Mini-Warn Law poses threat to Maryland businesses amid pandemic
ANNAPOLIS, Md. – In a time where businesses are already struggling to keep their doors open amid the coronavirus pandemic a new bill that’s expected to go into effect in Maryland on October 1st could make things that much more difficult.
“This adds a layer of complexity and frankly frustration to employers that are trying to survive during the economic time that we’re in,” said Delegate Chris Adams (R-District 37B).
Before the end of legislative session Maryland lawmakers passed a bill making revisions to Maryland’s Mini-WARN Act. Which would now require industrial, commercial, or enterprise businesses to give 60 days notice before shutting down a workplace or reducing their staff. Or face up to a $10,000 fine per day.
“It impacts so many Maryland businesses with 50 or more employees,” said President of the Salisbury Area Chamber of Commerce, Bill Chambers.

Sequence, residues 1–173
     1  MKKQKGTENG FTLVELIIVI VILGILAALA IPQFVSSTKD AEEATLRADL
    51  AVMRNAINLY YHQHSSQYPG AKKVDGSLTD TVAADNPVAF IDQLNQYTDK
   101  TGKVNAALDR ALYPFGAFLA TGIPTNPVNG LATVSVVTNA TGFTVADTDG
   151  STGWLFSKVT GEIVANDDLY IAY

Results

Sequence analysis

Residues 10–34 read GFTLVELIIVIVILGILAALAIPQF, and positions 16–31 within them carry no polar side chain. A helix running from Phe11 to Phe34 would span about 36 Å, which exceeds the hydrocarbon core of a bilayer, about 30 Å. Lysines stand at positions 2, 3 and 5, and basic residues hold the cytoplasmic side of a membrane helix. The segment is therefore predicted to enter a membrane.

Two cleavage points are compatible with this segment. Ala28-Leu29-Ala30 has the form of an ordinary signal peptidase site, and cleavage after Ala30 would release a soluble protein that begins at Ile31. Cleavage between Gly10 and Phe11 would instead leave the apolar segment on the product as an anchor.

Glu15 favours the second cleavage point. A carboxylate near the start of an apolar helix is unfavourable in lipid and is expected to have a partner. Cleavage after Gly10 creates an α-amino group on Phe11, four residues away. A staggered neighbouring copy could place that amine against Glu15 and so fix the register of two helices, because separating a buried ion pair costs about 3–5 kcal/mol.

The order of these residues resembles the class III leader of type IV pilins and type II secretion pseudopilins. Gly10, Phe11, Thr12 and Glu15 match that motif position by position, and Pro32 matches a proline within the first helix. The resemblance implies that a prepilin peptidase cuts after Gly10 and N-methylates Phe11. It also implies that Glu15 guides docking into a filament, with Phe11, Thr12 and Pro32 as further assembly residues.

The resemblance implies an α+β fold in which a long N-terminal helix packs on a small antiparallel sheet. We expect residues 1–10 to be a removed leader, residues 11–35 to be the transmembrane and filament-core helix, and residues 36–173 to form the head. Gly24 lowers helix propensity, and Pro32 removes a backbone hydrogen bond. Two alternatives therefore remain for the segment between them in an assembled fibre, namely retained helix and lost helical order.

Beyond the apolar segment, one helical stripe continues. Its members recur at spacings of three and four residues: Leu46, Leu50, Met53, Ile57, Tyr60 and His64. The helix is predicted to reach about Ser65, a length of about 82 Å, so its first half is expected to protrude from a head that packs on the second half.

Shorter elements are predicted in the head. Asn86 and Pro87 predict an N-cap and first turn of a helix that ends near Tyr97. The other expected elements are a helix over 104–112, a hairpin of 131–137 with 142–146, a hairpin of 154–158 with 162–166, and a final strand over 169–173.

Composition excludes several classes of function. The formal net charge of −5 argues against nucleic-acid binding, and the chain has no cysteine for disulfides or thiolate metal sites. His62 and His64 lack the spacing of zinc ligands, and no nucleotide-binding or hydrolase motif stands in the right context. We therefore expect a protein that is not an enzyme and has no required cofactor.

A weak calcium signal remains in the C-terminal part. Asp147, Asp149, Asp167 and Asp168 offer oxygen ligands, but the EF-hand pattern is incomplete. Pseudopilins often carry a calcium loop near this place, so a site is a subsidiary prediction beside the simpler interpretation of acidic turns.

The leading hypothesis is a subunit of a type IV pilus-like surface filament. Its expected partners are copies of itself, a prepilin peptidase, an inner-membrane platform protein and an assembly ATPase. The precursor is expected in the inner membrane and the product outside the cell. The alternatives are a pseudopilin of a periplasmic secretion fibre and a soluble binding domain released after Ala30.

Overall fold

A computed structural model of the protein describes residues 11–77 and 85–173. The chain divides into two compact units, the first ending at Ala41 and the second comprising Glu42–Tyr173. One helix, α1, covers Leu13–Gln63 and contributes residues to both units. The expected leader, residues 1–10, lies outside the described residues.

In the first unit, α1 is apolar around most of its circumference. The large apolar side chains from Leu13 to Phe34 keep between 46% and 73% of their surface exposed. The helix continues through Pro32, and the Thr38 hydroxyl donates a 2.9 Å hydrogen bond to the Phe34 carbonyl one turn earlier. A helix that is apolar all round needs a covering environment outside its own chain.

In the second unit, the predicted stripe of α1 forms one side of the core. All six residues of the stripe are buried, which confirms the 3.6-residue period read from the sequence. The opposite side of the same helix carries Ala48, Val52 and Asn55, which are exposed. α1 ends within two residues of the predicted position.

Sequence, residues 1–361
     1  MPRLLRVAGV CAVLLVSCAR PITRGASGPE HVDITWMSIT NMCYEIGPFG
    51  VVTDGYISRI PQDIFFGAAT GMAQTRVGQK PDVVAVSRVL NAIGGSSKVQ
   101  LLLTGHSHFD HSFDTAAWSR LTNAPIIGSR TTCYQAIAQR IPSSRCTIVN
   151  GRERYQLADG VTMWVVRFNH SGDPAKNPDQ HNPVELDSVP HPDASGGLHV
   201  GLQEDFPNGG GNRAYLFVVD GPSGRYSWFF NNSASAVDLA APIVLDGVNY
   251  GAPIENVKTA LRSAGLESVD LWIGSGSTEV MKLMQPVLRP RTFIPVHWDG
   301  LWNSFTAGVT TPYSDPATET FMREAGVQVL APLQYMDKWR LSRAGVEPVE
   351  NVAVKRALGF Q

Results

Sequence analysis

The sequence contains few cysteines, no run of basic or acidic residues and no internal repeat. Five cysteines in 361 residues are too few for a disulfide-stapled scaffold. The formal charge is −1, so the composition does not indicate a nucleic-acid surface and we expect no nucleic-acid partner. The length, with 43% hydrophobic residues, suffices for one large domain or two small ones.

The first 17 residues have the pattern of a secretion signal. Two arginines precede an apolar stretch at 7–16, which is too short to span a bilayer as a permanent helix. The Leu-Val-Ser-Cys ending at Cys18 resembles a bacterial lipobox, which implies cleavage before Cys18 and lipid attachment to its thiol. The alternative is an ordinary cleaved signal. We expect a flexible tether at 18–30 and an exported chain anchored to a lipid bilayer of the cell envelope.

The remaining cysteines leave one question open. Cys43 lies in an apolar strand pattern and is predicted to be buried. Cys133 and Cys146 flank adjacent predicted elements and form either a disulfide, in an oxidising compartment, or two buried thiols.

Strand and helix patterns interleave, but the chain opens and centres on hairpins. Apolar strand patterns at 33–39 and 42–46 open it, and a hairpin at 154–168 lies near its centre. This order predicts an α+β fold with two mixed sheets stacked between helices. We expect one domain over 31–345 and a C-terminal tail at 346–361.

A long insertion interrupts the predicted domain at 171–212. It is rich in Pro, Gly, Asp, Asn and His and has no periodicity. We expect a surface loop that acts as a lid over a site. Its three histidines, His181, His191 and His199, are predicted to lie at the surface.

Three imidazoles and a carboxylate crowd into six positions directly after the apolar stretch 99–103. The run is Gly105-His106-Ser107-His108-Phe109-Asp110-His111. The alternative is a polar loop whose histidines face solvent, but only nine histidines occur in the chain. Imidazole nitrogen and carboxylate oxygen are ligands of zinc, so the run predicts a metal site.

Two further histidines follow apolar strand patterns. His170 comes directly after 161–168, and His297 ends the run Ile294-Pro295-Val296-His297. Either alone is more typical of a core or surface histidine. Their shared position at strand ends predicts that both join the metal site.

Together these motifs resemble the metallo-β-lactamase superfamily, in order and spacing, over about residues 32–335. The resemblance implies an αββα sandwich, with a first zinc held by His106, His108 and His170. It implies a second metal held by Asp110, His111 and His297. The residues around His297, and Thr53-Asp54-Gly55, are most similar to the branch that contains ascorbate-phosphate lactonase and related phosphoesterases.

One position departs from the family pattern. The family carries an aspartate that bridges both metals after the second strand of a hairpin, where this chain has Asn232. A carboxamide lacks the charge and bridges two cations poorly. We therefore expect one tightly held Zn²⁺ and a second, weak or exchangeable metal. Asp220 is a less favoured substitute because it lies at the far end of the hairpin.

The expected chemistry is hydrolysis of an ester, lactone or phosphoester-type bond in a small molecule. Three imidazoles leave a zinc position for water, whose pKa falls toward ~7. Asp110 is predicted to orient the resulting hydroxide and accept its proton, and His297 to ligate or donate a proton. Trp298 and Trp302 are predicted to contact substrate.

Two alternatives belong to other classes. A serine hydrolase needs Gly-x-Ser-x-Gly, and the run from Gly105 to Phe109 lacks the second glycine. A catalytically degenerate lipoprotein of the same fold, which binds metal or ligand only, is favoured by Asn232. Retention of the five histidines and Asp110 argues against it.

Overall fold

“These bills, looking back now, seem like they’re poorly timed,” said Adams.
But the main problem? This bill was passed before anyone knew how much of an impact the coronavirus pandemic would have on businesses and the economy.
“When businesses are going month to month, in some cases making payroll week to week, this is not the time for a bill like this to be signed into law,” said Chambers.
That’s why the Department of Labor sent out a statement saying that given the conditions this law won’t fully go into effect until April of 2021 after they make some regulatory adjustments.
“We don’t want to find ourselves fining companies for these violations that don’t speak to the world we live in today,” said Adams.
Meanwhile, some leaders here on the Eastern Shore say more needs to be done and more questions need to be answered before anything gets implemented.
“I think a study group needs to be done. Why are we not mimicking federal law right now? And what was the problem with voluntary reporting to begin with,” said Chambers.
To be more specific the legislation would apply to employers with at least 50 employees that have been doing business in the state for at least one year.